- Preoccupation with efficacy is the main obstacle to a poetic, elegant, robust and heroic life.
- Those who do not think that employment is systemic slavery are either blind or employed.
And, Antifragile came in. In this work, the author even claimed the superiority of being Dionysian. He uses this particular term, “antifragile.”
Throughout the book, we can see a series of the Apollonian and Dionysian dichotomy. The author keeps on telling us the ordered and stable environment makes us fragile, impoverish, even less creative. On the other hand, the disordered and constant risk-taking make us antifragile, which is what we need, the source of true growth and creation.
If you live your life in stable large organizations, then what would happen to you? You will become so fragile. One system breakdown would destroy you completely. “Be antifragile.” When Taleb says so, I feel like he tells us, “Be Dionysian.”
And his latest work is Skin in the Game. This book is again so bold and aggressive. In it, he calls those Apollonian intellectuals as IYI. What is IYI? It stands for Intellectual Yet Idiot.
The IYI pathologizes others for doing things he doesn’t understand without ever realizing it is his understanding that may be limited. He thinks people should act according to their best interests and he knows their interests, particularly if they are “red necks” or English non-crisp-vowel class who voted for Brexit. When plebeians do something that makes sense to them, but not to him, the IYI uses the term “uneducated.” What we generally call participation in the political process, he calls by two distinct designations: “democracy” when it fits the IYI, and “populism” when the plebeians dare voting in a way that contradicts his preferences.Skin in the Game
It seems IYI guys are so knowledgeable and opinionated, and yet never willing to take their risks. They talk a lot for investment but never use their opinions for their investments. They know a lot of business strategies but never take his own business to use them. They criticize leaders but never lead anything and anyone. For poverty, they enjoy slum tourisms and love to prestigiously work in the international organizations.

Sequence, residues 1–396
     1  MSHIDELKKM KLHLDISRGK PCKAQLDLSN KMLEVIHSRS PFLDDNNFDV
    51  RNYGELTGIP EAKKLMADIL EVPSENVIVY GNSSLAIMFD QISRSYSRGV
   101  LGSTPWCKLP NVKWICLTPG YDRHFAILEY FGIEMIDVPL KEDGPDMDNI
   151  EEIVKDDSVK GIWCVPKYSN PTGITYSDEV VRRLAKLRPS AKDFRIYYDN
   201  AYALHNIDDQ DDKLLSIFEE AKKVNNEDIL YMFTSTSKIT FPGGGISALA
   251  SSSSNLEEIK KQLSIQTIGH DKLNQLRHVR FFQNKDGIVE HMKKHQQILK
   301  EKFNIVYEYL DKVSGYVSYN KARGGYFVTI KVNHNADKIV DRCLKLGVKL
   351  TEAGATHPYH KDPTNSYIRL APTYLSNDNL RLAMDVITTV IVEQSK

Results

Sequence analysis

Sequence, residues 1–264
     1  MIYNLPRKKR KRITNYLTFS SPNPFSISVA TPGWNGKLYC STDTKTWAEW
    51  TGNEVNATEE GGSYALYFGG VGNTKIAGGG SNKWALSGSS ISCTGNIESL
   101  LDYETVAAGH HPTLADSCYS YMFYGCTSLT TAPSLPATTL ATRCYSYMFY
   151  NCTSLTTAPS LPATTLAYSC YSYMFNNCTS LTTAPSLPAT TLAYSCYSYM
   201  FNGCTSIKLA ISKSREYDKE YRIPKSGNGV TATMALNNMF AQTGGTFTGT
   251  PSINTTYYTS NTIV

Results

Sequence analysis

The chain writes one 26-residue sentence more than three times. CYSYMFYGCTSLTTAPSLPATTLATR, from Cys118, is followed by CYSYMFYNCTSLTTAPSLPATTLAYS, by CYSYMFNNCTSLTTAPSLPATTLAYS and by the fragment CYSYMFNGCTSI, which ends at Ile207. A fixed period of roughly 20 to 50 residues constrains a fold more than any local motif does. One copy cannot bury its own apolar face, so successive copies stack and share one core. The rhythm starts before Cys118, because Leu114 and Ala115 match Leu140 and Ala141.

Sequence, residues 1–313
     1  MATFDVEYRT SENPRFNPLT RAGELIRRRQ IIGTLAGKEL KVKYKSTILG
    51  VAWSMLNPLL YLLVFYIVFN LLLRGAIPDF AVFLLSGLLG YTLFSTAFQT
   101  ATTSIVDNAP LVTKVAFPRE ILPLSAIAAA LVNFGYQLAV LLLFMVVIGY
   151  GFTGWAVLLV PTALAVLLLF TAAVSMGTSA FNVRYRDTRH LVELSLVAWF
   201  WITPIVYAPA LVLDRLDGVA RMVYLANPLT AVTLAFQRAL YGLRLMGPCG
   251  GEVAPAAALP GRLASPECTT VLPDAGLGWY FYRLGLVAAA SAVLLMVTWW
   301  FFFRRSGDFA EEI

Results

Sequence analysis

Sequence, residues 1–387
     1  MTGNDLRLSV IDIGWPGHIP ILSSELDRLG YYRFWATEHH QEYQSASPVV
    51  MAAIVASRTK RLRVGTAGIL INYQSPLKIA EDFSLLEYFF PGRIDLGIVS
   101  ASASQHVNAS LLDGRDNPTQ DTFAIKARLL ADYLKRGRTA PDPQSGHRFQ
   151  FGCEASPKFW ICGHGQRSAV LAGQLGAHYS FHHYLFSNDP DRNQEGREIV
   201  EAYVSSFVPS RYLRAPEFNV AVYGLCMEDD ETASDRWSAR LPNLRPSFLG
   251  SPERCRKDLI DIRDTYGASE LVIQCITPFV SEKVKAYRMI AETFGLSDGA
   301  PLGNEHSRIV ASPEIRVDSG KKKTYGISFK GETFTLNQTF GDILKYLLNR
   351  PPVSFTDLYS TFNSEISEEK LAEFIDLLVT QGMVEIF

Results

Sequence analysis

What if we seriously and existentially take our own risks? In doing so, their problems can genuinely become ours in a real sense, which is truly having skin in the game.
For example, there are three types of money; one is the money of some you don’t know; the second is the money of someone you love, and the third is your money. We can genuinely commit how to use the money only in the third case.
Moreover, how about there are three types of death? One is the death of someone you don’t know, that is part of our daily news. The second is the death of someone you love. And the third is your death. Facing and embracing the second and third death, our life can be genuinely creative. Furthermore, in this regard, the Crucifixion is also one of the critical Skin in the Game and Dionysian moves. He took the sins of the world through His own death.
For God so loved the world, that he gave his only begotten Son, that whosoever believeth in him should not perish, but have everlasting life.John 3:16
Taleb’s narrative sounds sarcastic, even contemptuous. Reflecting on the perspective of the Apollonian and Dionysian dichotomy, it seems we can learn a lot from his books.
Image by Alina Kuptsova